I was just reading this post by Fred Wilson, when he references a talk he gave at the 140 Conference last year and, in particular, this cartoon that Jonny Goldstein did summarizing some of his points:
I’m not sure why, perhaps because I was reading memorandum before hitting techmeme this morning, but I got to thinking about the ramifications of that last assertion for our current socio-political environment. Let’s look at it:
Passed links convert better than search generated links.
I think all of us would agree with that. When it comes to information on the internet, we trust the recommendations of people we know more than we trust sources that we don’t have a personal connection to. Think about it: if you put a question up on Facebook or Twitter asking for a recommendation of a good restaurant in Paris or a good service that can help you buy contact lenses over the internet, you are going to feel pretty confident in the recommendations you get back. These are your friends and people you know. They are curating an answer for you, and they are speaking from personal experience.
The next level down in trust would probably be certain established brands. For product reviews, maybe it’s Consumer Reports or CNet and for restaurants maybe it’s Zagat’s (to be fair, Zagats is really a pre-internet form of crowd-sourced reviews) or Time Out. These sources are curated by a small group of people who have earned our trust through years of quality (more or less) work. We may disagree with their opinion but at least we feel confident it’s their honest opinion.
Continuing down the trust ladder we come to consumer reviews. Whether it’s Amazon, Yelp or iTunes. If you’re like me you have to read a lot more of these sources before you feel like you have a comfortable image of a product. There is something often self-selecting about these reviewers. They are people either completely in love with something or out to get it. Or they’re unhinged (on iTunes it’s probably that they’re unhinged). We put a low degree of faith in these sources but, if enough of them are saying something’s good or bad, we might begin to trust it. I would also put Wikipedia in this group since it is uncurated, but in this case it’s ostensibly information rather than reviews. However, it should be noted, when it comes to contested subjects, Wikipedia becomes a battle ground of opinions and idea – just look for something to do with Israelis and Palestinians and you’re bound to find a disagreement over “facts“.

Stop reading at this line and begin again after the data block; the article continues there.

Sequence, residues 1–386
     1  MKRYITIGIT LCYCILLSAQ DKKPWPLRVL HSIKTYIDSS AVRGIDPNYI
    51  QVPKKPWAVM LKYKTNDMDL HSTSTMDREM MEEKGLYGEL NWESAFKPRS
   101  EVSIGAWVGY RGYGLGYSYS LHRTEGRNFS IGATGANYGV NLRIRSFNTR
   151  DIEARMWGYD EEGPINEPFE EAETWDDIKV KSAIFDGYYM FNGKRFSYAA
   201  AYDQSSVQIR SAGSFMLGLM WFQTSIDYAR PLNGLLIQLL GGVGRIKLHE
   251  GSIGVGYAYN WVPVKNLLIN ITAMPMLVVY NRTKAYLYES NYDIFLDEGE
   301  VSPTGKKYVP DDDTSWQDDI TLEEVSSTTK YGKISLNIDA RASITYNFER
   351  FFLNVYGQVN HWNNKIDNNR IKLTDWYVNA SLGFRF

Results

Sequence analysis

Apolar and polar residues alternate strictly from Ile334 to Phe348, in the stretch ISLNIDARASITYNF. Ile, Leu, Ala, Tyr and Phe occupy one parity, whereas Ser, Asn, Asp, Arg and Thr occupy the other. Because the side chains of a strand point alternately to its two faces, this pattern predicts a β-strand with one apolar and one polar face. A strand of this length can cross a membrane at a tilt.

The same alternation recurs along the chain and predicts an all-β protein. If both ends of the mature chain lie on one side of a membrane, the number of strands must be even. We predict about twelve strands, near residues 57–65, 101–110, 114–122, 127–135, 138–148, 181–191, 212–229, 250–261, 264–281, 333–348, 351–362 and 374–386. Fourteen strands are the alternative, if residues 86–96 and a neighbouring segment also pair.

The next rung down the ladder are search results. You enter “good restaurants in Paris” into google and see what comes back. The results here are far more suspect. You have sponsored links from groups that are paying for your eyeballs. Then you have a somewhat random list of sources which, if you’re like me, you scan for domain names you recognize. The rest very well may be link-bait or other SEO scams to get at the top of rankings for popular searches. They are fighting to get in front of your eyes so they can make money by claiming your visit. My degree of trust in Google’s (or Yahoo, or Bing, or Cuil, etc…) recommendations is very low in this case. My trust in the most dominant catalogue of knowledge in existence is very low. I have to finesse the search and come up with specific phrases to include or exclude until I am getting results that I begin to trust.
The last rung on the ladder, of course, is spam. This is information that is sent to me, over the transom, uninvited, that tries to convince me that some product or service is great for me. These “male enhancements,” “diet pills,” and “offers to assist deposed kings of Nigeria” are treated by most of us with no respect.
I wind up with a paradigm like this:
- Small group of my friends = large amounts of trust.
- Curated information from places I know & trust = reasonable amounts of trust.
- Uncurated information by large amounts of people = some amount of trust.
- Uncurated search results based on terms = low amount of trust.
- Direct communication from people unknown to me = no amount of trust.
When I was growing up (which wasn’t that long ago), text books and what we were taught by scientists would stand at the top of that ladder. If I could read it. If I could see charts of data. If someone had been published by a major University Press then I knew it had validity.
So what does this have to do with populism? Well let’s look at the types of statements coming from today’s populist leaders:
What’s interesting is the way in which authorities that we once put great amounts of trust in – scientists & research institutions – are now the ‘other’ and thus a group that should be not trusted. They have moved them down from the top of the ladder to somewhere between 3 & 4, and, sometimes, they treat them as though they are in group 5 – unwanted information from a dubious source that is being sent to us unrequested. Populism says: “go out, ask your neighbors – don’t trust the official story”. This new populism has taken the paradigm of information on the internet, internalized it and reapplied it to all sources. Sadly, a new generation of students are going to find the internet’s trust system reapplied to their school books.